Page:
Walk into Erickson Gym or through the gates of Waterman’s Field for a football, volleyball, basketball or wrestling match, and one of five women is there to greet you.
For at least the past decade, every home game at South Whidbey High School has featured the Falcon athletics ladies: Maryann Davis, Pat Nostrand, Lois Cooley, Janis Martinovic and Jan McNeely. And they are true blue: each dons their blue and white proudly, welcomes guests, hands out tickets and chats with friends, neighbors, parents, students and teachers.
McNeely, a teacher who retired in 2012, joked that she gave away a ton of Falcon-adorned clothing to the Good Cheer Thrift Store, and still has plenty to choose from.
“As I’ve said often times, you’d have to euthanize me to get me to leave this high school,” she said.
Others, such as Lois Cooley, just got her first Falcon sweater this year from a mystery benefactor.
They don’t do it for the money, a $25 per game stipend which they appreciate, but note that it doesn’t make or break their banks.
All of them were initially roped into duty for the Falcon athletic department taking tickets, keeping statistics, working scoreboards and shot clocks, and ensuring students’ best behavior because their own children were students there. These days, not one of them has a child enrolled in the school.
“You start watching these kids and you want to see them grow and develop,” said Nostrand, who has been at the home games for 22 years in a row. Nostrand, wearing a blue vest with the Falcon logo, went another step with a white pin, also with the Falcon logo that read “Go Falcons!”
As they chatted during a recent home stand, one man walked in, chatted with the women about his family and paid for his ticket. McNeely said she taught his daughter and granddaughter.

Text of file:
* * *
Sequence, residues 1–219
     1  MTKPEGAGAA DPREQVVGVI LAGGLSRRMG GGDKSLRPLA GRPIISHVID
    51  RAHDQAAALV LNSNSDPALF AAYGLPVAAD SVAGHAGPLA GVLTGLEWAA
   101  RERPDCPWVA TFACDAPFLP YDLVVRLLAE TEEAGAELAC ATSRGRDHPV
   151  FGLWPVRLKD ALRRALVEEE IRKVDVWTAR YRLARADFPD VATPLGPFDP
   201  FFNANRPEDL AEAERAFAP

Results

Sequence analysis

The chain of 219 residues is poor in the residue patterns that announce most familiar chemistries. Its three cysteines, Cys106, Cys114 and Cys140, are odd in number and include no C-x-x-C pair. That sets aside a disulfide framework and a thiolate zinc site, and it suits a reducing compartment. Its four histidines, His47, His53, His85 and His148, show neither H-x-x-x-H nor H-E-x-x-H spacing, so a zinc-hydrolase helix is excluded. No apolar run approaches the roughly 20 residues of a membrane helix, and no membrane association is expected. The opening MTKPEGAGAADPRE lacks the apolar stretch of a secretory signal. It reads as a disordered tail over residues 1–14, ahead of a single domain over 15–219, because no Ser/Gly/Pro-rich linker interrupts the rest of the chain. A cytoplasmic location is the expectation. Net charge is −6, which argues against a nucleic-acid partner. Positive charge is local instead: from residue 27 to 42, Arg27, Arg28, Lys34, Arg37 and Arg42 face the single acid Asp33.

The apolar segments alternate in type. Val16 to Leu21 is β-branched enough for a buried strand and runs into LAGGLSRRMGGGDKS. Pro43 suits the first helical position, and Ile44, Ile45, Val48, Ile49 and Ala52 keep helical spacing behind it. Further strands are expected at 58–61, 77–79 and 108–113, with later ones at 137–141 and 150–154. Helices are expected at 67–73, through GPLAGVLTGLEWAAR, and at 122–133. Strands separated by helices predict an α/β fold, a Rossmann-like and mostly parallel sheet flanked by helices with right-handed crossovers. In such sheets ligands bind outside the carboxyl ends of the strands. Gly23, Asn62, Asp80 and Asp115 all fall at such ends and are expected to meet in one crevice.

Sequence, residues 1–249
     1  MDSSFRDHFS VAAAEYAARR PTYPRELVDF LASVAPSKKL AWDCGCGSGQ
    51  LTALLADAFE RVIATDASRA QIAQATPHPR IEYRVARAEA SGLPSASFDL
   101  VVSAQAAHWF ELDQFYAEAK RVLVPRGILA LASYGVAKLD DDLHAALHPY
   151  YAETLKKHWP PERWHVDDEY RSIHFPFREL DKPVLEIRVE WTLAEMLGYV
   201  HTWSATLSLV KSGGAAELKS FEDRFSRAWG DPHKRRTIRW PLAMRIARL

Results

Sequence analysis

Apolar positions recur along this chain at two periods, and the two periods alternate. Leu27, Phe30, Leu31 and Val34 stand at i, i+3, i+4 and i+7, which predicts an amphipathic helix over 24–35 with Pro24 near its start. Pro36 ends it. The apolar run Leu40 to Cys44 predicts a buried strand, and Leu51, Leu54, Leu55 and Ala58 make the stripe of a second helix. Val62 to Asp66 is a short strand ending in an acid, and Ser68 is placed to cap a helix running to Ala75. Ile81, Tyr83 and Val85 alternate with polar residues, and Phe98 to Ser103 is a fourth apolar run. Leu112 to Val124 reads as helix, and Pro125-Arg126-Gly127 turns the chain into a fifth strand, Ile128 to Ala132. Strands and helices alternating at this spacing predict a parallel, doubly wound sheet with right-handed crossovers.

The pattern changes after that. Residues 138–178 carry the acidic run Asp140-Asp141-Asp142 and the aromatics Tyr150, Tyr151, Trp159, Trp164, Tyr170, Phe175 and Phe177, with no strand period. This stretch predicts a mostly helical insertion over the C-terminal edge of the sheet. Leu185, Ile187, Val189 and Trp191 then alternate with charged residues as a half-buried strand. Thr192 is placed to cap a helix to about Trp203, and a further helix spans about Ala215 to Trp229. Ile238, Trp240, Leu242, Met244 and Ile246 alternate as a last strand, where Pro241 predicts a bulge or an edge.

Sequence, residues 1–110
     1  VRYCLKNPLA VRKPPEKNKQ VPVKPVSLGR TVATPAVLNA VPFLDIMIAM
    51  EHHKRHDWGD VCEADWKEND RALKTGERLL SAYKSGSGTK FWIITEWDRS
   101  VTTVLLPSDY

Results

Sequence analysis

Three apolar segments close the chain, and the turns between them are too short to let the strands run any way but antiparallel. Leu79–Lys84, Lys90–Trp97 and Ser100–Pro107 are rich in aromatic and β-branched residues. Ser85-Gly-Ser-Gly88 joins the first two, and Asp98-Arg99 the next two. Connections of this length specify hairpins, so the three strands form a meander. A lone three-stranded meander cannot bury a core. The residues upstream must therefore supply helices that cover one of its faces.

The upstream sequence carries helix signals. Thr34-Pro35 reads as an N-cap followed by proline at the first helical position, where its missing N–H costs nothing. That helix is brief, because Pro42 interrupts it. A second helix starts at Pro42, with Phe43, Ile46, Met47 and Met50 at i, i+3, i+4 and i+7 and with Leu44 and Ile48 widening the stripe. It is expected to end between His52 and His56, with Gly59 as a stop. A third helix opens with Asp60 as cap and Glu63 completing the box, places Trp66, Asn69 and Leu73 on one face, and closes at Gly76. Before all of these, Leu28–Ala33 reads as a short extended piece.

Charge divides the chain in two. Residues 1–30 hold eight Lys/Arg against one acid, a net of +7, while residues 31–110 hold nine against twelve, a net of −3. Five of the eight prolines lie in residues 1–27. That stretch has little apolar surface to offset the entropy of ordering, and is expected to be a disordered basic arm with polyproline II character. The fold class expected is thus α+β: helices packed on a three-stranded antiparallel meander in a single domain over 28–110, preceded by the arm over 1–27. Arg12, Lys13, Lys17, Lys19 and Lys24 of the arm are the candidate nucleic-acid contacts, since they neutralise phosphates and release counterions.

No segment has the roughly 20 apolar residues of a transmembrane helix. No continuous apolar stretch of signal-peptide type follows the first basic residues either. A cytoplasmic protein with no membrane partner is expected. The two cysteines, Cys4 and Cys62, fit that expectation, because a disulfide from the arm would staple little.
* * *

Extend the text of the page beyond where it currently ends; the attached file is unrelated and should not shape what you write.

“We literally see generations walk through,” she said.
Collectively, they have put in a century to South Whidbey sports. McNeely, who used to coach, is the rookie of the group as she started running the crew as the athletic coordinator in 2010. Others can trace their starts to the late 1980s and early 1990s.
“It’s been a long time,” Cooley said.
“I told Jason (her husband) I’d do this job ’til I was 80 or dead,” she added. “Neither’s happened, but we’re getting close.”
By and large, things are fine for the women, whose ages range from the mid-50s to late-70s. Every once in a while, a student tries to sneak past them or leave a game to smoke or drink. That’s when the action begins for someone like Cooley.
“I was done with football because I was tired of frozen toes. I was done chasing kids.”
But she returned.
“For the most part, all the parents and kids are really nice,” she added.
Anyone who wants to know the latest intel on South Whidbey and Coupeville can go straight to the Falcon ladies, true gatekeepers of information.
Davis, the elder stateswoman of the group, handed The Record a short description of her involvement with the athletic department on a notepad. The opening sentence: “My story is boring.”
Hers is far from it, however. A busy woman who still works, Davis has lots of opinions about the teams she sees. Her favorite teams were in 1987 and 1989, when two of her children graduated and a decade after her family moved to South Whidbey. Not knowing anyone, she said high school sports were an easy social gathering.
More often than not, she’s a dyed-in-the-wool supporter, noting that team effort and hard work are the important qualities she sees in all Falcon sports. The spectacle of a game at South Whidbey is a bargain for senior citizens, she said, citing the free admission, and helps her feel connected to the younger generations and the school district.
“I get to see the kids get married, have kids and their kids play,” Davis wrote.
Janis Martinovic, like McNeely, is a bit of a rookie. She’s worked at the games for nine years, though she said “They all just kind of blend together.” With her children away, she used the home games as a means to keep in touch with her friends’ kids.
“I wanted to stay in contact with the kids after my kids graduated … Now I don’t know any of them and it’s still fun,” she said.